I have been listening to interviews on NPR in which “experts” are saying that the most important determinant in a child’s future success is not testing or grades, but “grit,” that is, determination, drive, and the will to do whatever hard work it takes to accomplish a goal.  I have always followed this philosophy (instilled in me by my own “expert,” my father), and I started to see that by emphasizing mastery outside of deadlines, I was teaching my students grit.

 I'll be reading this book very soon.

For the students’ final exam, I gave them an article about “grit,” called “Mastery is  Pain,” and I asked them to respond to it by defining grit and pinpointing where they might have shown grit this year.  This was Sam’s response:

The term “grit” means perseverance and passion for long term goals. Everyone has goals in their life, but sometimes people have the hardest times achieving those goals. Whenever people have a bump in the road, they throw in the towel and give up. I have to admit sometimes this was the case for me, but sometimes I’ve had grit, and achieved my goals.

School hasn’t always been the simplest thing for me, and has created some stress over the years.Yet this Rhetoric and Composition class has really taught me some skills that will later help me in my life. The way this class was set up really forced us to be an individual and responsible for our actions.Time-management was a skill that I really learned to value through the process of this class. With everything going on outside of class, it made it really hard to meet the deadlines when the papers were due.

I know that in college time management will probably be an even bigger issue, and this class has taught me how to focus in and use all the hours in the day to complete a paper.

Other students had similar responses:

Since we did not have to come to class every day, this required us to get things done on our own time, without that constant push from a teacher. At first I found this extremely difficult and struggled a lot. Nearing the end of the year, I started managing my time better and getting things done when they needed to be done and on time without the midnight deadline rush. I also have learned organization during this course. We practiced this through various projects that had to be organized on our own with different types of media, and saved successfully where we would be responsible for it.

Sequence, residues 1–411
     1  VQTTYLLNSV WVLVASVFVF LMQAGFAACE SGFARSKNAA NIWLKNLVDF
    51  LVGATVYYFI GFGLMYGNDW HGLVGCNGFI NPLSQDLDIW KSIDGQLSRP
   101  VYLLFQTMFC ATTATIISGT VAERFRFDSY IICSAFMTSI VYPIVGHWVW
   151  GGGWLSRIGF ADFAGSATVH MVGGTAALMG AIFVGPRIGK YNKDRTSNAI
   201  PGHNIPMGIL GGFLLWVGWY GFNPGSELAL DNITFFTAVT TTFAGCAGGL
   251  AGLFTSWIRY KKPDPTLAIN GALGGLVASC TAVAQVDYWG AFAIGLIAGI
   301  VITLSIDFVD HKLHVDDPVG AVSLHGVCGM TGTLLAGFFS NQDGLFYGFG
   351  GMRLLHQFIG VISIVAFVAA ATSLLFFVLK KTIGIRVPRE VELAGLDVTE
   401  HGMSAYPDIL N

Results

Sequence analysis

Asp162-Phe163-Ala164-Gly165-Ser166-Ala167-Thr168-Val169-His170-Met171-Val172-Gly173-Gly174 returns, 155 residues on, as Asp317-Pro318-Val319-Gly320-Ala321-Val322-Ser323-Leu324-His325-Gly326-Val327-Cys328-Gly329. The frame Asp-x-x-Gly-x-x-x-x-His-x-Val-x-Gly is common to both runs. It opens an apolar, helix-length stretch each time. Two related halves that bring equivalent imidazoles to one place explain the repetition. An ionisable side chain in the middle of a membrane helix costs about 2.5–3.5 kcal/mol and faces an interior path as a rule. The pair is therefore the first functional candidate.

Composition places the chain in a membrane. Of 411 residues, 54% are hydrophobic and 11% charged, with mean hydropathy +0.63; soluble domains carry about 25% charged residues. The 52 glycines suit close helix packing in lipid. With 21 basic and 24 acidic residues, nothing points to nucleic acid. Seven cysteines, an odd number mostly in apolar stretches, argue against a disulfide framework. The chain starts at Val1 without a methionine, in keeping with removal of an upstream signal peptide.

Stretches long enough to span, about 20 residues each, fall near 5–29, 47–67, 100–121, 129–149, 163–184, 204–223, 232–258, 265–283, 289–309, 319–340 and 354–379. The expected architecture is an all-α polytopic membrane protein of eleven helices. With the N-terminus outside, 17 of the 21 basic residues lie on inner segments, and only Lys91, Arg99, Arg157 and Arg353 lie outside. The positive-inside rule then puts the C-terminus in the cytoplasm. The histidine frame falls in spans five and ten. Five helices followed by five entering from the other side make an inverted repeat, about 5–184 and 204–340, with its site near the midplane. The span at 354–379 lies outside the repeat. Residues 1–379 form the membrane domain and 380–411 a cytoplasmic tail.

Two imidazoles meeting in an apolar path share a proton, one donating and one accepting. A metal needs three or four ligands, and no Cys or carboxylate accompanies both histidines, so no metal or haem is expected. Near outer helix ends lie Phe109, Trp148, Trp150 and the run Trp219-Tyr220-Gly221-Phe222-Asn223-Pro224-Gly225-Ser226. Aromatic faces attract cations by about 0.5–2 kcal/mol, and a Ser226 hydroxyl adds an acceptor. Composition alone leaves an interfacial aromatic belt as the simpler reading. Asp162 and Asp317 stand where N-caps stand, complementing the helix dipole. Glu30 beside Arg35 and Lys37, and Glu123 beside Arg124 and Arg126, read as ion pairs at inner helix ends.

Lastly, this came from a student like Sam, who struggled all year with deadlines and mastery:

Over the course of this year this class has given me many skills not just academically but also outside of school and the classroom. Building projects online that the whole world can see like the video and our blogs has given me confidence in myself to not be scared of what people think. This class has given me the confidence to go out and talk and not be worried about what I am saying, I am no longer worried about sharing my opinion whether it be what everyone else thinks or whether it might offend others, this class has given me that confidence. However this class has also taught me that there is something I need a lot of work at, and that is time management, throughout the year I had struggled with this aspect, and I know if I do not get that in check it is really going to bite me in the butt next year.

In conclusion, this class is still a work-in-progress, but isn’t every class?  My students helped me to realize that sometimes I have to let go of something (timelines) in order to get something better (mastery, grit).

This is me when I'm trying to let go of deadlines.
This is me when I'm trying to let go of deadlines.

I intend to use this lesson to my benefit and keep working on my goals for my students, no matter how many attempts it takes, until I can achieve mastery.

Stephani Itibrout

Rhetoric and Composition